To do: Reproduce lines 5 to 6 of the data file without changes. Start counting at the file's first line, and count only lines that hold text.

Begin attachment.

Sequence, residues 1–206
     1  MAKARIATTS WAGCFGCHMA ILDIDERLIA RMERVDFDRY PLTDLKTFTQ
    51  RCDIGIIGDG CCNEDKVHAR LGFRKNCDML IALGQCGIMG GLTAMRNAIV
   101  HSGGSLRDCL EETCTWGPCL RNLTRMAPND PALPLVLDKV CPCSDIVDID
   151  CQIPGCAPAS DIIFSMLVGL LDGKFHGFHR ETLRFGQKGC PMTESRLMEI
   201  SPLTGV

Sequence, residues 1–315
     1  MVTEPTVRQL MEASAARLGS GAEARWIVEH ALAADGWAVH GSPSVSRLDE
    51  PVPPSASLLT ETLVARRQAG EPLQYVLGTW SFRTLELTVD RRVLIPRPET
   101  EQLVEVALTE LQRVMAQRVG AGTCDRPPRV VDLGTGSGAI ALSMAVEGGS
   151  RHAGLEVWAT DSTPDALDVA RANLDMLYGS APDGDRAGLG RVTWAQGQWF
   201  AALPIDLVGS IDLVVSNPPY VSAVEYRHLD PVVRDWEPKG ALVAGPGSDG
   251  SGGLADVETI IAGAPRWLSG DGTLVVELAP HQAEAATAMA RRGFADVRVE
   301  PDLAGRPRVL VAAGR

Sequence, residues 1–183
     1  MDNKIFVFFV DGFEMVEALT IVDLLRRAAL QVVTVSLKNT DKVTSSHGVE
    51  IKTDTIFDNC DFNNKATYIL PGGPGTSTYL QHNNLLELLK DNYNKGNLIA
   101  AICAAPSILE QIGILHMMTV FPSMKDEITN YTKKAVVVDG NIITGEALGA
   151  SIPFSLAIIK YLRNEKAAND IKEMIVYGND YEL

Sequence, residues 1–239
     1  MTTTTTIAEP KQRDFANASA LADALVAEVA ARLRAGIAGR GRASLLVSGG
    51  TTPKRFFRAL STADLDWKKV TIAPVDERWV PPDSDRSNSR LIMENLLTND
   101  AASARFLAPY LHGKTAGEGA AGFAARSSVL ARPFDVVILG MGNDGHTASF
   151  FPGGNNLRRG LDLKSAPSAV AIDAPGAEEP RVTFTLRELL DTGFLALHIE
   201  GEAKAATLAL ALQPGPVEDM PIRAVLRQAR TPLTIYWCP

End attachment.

   151  CQIPGCAPAS DIIFSMLVGL LDGKFHGFHR ETLRFGQKGC PMTESRLMEI
   201  SPLTGV